Q+A - Why should the world care about Somalia?

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Nov 17 (Reuters) - Daily headlines from Somalia of violence, refugees and piracy may seem like a blur to the outside world.

But with Islamist insurgents knocking on the door of the capital Mogadishu, and the government declaring itself on the verge of collapse, here are answers to some questions on why Somalia's troubles matter well beyond its borders:


- Islamists have been gaining territory all year and last week took the port of Merka and the town of Elasha, bringing them to within 15 km (9 miles) of Mogadishu.

- President Abdullahi Yusuf has admitted the insurgents now control most of the south, with the exception of the coastal capital and the provincial seat of parliament, Baidoa, where they still, however, carry out attacks. "The Islamists kill city cleaners, they will not spare legislators," he said from Kenya.

- The Islamists are hampered by internal divisions, and deterred by the presence of Ethiopian troops in Mogadishu and Baidoa. But the most militant among them are said to be considering options for an assault on the capital.


- Seizure of the capital could be the death-knell for Yusuf's Western-backed government, which exists more in name than in terms of any control on the ground.

- If moderates take the lead, there could be some sort of power-sharing government between secular and Islamist leaders. But if groups like the militant al Shabaab take prominence, they want to implement Islamic sharia law. Washington fears that could make Somalia a haven for al Qaeda-linked extremists.

- Secular and pro-Western neighbours Ethiopia and Kenya would both be extremely worried by an Islamist-run state next door. Last time the Islamists ruled Mogadishu -- for six months in 2006 -- Ethiopia invaded. Kenya helped catch fleeing Islamist fighters after they were toppled by that intervention in a nation whose population is traditionally moderate Muslim.


- Already living in one of the dryest and poorest nations on earth, Somalis have suffered appallingly from the violence which has compounded the effect of drought and soaring food prices.

- About one million of Somalia's estimated 9 million people live as internal refugees. Several million lack basic food. Attacks on foreign and local aid workers, including assassinations and kidnaps, have hampered the ability to help.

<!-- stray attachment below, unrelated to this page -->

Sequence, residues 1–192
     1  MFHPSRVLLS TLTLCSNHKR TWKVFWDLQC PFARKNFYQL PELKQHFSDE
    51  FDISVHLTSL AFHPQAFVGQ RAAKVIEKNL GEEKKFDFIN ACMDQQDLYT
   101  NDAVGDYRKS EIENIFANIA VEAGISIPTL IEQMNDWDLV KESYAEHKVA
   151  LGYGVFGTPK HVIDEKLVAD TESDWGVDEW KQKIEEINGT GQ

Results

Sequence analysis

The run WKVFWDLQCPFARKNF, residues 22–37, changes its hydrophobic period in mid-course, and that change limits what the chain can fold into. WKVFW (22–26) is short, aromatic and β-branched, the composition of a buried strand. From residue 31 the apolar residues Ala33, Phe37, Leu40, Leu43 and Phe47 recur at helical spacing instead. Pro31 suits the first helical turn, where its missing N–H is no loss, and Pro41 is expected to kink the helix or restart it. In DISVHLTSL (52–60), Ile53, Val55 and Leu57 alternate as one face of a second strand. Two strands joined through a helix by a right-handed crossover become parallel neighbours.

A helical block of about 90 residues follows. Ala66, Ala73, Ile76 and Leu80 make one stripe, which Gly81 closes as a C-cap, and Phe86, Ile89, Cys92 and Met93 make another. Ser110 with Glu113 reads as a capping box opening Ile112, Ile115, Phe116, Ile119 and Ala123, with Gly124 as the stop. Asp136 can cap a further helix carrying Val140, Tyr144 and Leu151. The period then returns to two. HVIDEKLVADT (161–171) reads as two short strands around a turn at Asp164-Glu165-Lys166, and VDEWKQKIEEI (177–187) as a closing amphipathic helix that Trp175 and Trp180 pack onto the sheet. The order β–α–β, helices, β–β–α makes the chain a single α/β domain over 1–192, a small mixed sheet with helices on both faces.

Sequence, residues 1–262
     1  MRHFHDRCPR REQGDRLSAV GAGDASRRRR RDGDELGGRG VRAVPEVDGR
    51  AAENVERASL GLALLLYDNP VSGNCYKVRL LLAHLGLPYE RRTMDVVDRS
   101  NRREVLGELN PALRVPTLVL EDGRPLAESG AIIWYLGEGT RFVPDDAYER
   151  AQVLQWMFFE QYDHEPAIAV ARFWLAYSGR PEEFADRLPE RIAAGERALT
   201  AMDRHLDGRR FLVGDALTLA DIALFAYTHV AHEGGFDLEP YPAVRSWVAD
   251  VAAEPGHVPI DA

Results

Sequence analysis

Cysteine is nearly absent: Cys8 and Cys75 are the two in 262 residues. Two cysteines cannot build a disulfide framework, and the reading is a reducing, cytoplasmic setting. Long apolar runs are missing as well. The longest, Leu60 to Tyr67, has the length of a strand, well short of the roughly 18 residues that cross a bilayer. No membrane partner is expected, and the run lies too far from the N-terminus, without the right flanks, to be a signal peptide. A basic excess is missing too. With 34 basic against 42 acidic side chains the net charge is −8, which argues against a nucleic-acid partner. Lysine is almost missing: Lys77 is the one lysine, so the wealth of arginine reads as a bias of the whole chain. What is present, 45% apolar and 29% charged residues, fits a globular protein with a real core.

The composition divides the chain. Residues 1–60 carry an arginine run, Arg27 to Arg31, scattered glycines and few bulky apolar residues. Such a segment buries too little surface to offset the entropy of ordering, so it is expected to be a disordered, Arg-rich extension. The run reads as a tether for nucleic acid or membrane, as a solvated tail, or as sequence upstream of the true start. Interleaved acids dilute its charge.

- The Islamist-led insurgency of the last two years has killed about 10,000 civilians and many fighters on both sides.

- Hundreds of would-be refugees die each year trying to cross the shark-infested Gulf of Aden to Yemen.

- A small elite of Somali businessmen, many with dual nationalities and homes abroad, have benefited from Somalia's anarchy, making millions from businesses such as importing food and fuel, or setting up mobile phone services. Plenty of unscrupulous characters have also prospered from shady dealings like arms imports and illegal fishing off the coast.


- Other than foreign-based Somalis, there is little interest in the country at the moment due to its chaotic state. But those who have looked closely know that long-term Somalia has plenty of prospects, particularly for oil, tourism along its long coast-line, agriculture, and trade due to a strategic position.

- Somalia has no proven oil reserves, but one survey 16 years ago ranked it second only to Sudan as the top prospective producer temptingly placed in an oil window over the Gulf of Aden. Various foreign companies have been trying to strike exploration deals in the north, including in the semi-autonomous Puntland region, though insecurity is hampering progress.

- Should peace ever come to Somalia, there will probably be huge international funds available for reconstruction projects.


- Chaos onshore has spawned a wave of piracy off Somalia which came to international prominence this year when a rise in insurance premiums shocked the industry and the capture of one boat with 33 tanks on board drew world media attention.

- The NATO alliance and the European Union have scrambled to provide patrols in the Gulf of Aden and Indian Ocean waterways off Somalia. The United States and France, which have bases nearby, are also helping, while Russia has sent a warship too.

- If the patrols do not stem piracy, shipping firms may opt to send freight around South Africa rather than through the Suez Canal, which could drive up the cost of manufactured goods and fuel for consumers in Asia and Europe.


- With Ethiopia backing the Somali government and Eritrea favouring the Islamists by hosting some of their leaders and also accused of providing material support, the conflict has fuelled the long-running Ethiopia-Eritrea conflict.

- The failure of an African Union (AU) peacekeeping force of 3,000 men to stem the violence has made the continental body look impotent, particularly as it was unable to muster a hoped-for 8,000 soldiers. The United Nations is resisting calls to replace the AU in Somalia, no doubt mindful of its disastrous intervention in Somalia during the 1990s.

- Kenya, Tanzania and Uganda are nervous of militant attacks on their soil, after various past bombings round the region that were planned from Somalia.

- Ethiopia's Prime Minister Meles Zenawi wants to pull his troops out of Somalia, but faces a Catch 22 if he does not want to leave the government at the mercy of the Islamists.

(Writing by Andrew Cawthorne; editing by David Clarke)

Reuters - Thomson Reuters Foundation
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